detroit images

 

As business improved at the turn of the century, capitalism inadvertently sent the pharmaceutical profession spinning ahead to meet demands of industrialism and twentieth-century innovation. Customers could still enjoy the convenience of a speedy Medicine, and medicinal remedies and they could trust the product was worth every penny spent. The convenience of mass marketing and capitalism both supported the development of the American pharmacy into the nineteenth and twentieth centuries.

(1) Glenn Sonnedecker, The American Practice of Pharmacy, 1902-1952, in Gregory Higby and Elaine Condouris Stroud, American Pharmacy (1852-2002): A Collection of Historical Essays (Madison, WI: American Institute of the History of Pharmacy, 2005), 5-6.

(2) Ibid., 6.; For general information (not a scholarly source) on the financial crisis see, Panic of 1857, last modified on May 16, 2015. https://en.wikipedia.org/wiki/Panic_of_1857

(3) Sonnedecker, 6.

Write Me a Story Challenge


Here is my response:

That day In 1863, far away in the distance, the sound of gunfire, artillery shells and the shouts of men and boys in the throes of pain and death, we sat, together, reflecting. Each, to their thoughts, but unified in the gratefulness, that we remained unchanged and together as one at this moment in time.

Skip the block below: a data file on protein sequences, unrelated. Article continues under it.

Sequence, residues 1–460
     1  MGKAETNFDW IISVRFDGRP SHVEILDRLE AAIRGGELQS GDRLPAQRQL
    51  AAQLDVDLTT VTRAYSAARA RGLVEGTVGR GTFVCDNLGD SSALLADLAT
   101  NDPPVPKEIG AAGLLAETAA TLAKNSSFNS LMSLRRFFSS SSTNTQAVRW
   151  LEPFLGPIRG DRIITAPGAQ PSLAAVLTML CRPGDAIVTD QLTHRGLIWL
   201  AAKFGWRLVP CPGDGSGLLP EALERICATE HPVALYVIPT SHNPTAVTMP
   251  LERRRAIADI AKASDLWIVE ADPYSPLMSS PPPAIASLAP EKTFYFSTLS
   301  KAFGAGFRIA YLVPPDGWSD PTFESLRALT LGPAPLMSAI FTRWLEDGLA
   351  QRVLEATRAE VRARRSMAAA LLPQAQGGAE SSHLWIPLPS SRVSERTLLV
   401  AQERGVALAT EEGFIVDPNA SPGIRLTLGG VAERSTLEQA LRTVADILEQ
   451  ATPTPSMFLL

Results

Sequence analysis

Your turn!

Jane Dougherty Writes

Lately I’ve been having a lot of fun writing one or two sentence stories and finding suitable pictures to illustrate them. Occasionally I’ve done it the other way round; seen a picture and thought of a story to match it.

Today it’s your turn. I’m posting a painting that I’ve used before to illustrate a poem, Odilon Redon’s Flower-Clouds, and I’m throwing it open to anyone who wants to have a go at writing a one or two sentence story to go with it.

Post it on your blog and leave the link in the comments box below, or leave the story in the box if you’d rather.

If there’s a good response I’m make it a regular challenge with a set day and I might even pick a weekly winner. If nobody’s interested I’ll forget I ever mentioned it.

See what you can come up with this week. I’ll…

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Good Rockin


A short History On Saturday and gardening! This blog post offers a joyful blend of Day Lilly, music and history.

a north east ohio garden

another daylily named for jazz music.  Good Rockin Tonight.  i guess i should stop right there.  and let the picture talk for itself.  we will try not to trample it with too much detail.  the music is by Roy Brown and the year 1947.  the flower is by Dan Bachman and the year it started playing was 2009.  it is an 8 inch flower 20.5 cm on a 41 inch scape 104 cm.  i hope you enjoy it.  two images.  oh and it is a late season bloomer that will be making music in the garden for a while yet.

good rockin tonight macrogood rockin tonight det